Joe was raised with a love for cooking and crafted most of his skills working at his family’s restaurant, Braustuebel, as a young man in Darmstadt, Germany, near the French-German border and Frankfurt.
“We had a master chef, a young guy,” Joe said. “He never forgave any mistake. He would hit you with a skillet on your hands, was a pretty rough guy. But he was an excellent chef and he had his years in Sweden and other European countries before he came to us.”
He said they had 300 seats at Braustuebel served by three chefs and three auxiliary chefs.
Pao Weitzel, however, had little experience in the kitchen before she came to the States.
“For me, it was survival reasons because I’m here in America,” she said. “Normally, when I lived in Thailand, I never cooked. I just helped my mother and family prepare the food. But my mother was gonna cook.”
Craving the foods she’d found so bountiful in Thailand, Pao began recreating dishes from her childhood home in her new home in Ebenezer, with help from her mother over the phone.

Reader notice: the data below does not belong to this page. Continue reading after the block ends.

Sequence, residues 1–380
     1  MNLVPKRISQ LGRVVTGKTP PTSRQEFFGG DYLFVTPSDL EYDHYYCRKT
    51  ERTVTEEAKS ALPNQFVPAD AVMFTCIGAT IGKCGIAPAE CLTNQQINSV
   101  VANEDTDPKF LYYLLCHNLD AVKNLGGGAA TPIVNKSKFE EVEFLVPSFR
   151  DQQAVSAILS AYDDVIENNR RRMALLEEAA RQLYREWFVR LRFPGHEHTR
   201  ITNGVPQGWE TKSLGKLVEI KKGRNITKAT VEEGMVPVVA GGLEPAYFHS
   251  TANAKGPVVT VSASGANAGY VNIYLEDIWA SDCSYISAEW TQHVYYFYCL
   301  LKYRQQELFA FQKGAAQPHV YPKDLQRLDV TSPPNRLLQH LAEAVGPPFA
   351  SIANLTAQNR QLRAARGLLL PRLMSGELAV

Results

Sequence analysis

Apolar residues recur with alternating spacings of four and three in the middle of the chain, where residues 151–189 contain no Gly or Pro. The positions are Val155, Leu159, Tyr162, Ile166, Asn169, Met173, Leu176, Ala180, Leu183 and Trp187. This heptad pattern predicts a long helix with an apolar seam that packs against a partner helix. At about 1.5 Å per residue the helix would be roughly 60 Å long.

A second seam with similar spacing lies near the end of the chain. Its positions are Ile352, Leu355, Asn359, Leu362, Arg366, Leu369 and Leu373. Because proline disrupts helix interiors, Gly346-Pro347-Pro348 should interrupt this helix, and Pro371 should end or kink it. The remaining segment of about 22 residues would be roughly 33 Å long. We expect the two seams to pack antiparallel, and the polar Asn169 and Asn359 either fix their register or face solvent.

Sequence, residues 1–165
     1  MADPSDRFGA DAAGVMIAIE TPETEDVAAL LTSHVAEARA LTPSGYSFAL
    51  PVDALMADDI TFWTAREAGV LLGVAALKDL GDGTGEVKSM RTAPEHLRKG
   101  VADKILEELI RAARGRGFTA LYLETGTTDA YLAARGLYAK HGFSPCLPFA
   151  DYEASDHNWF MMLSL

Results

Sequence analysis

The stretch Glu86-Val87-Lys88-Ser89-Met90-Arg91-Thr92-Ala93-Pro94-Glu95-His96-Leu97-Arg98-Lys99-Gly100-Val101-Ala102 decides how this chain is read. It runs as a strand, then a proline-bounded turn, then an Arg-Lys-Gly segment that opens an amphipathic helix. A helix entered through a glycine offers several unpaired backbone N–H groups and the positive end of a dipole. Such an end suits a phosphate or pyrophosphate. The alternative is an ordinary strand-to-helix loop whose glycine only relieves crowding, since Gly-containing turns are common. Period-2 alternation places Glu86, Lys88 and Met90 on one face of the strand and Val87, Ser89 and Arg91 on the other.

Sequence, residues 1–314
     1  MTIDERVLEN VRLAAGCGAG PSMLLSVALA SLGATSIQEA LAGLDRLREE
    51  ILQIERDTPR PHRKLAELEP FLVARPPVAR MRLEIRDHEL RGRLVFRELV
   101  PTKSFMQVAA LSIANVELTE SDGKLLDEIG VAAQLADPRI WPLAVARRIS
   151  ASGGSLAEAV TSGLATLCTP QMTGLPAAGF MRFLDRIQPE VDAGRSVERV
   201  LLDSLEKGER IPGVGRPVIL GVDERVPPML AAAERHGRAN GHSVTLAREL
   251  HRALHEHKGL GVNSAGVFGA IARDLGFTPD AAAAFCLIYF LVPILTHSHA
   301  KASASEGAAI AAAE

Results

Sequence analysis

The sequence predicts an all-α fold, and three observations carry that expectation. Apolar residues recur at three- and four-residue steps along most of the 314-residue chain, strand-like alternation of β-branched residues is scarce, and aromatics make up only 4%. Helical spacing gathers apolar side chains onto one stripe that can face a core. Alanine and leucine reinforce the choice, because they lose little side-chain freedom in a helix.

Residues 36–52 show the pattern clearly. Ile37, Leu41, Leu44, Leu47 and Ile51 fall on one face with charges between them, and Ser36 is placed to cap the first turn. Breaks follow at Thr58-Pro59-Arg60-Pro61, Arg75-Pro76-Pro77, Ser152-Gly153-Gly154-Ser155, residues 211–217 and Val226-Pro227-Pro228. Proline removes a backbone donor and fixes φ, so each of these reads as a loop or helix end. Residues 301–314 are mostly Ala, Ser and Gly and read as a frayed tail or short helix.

“And I was on the phone with her mama,” Joe said in good humor, “and (she) almost poisoned me several times because the wrong dose was in there.”
“He was like the guinea pig,” said Pao, “and he if liked (it), maybe other people will like it too.”
They said friends would delight over their Thai-German fusion dishes during dinner parties and when Pao wanted to open a business, a restaurant seemed the natural choice.
They said they were thorough in planning and researching before opening Schnitzel Shack. They consulted SCORE (Service Corps of Retired Executives) and Pao presented her business model and marketing plan to Joe for critique and approval before they made any investments.
“Yes, she presented to me, and I played devil’s advocate,” he said. “I do that too for big companies. So I’m responsible for budgets, personnel, for projects. So, that concept was not accidental.”
They found the perfect spot in McCall Plaza off Highway 21, close to home but visible to customers, where they can capitalize on Effingham’s German heritage and a large military population.
The space is also intentionally small in part because of the details and efforts that go into the foods.
“Here’s the thing,” said Joe, “we cook everything from scratch. We don’t have prefab meals.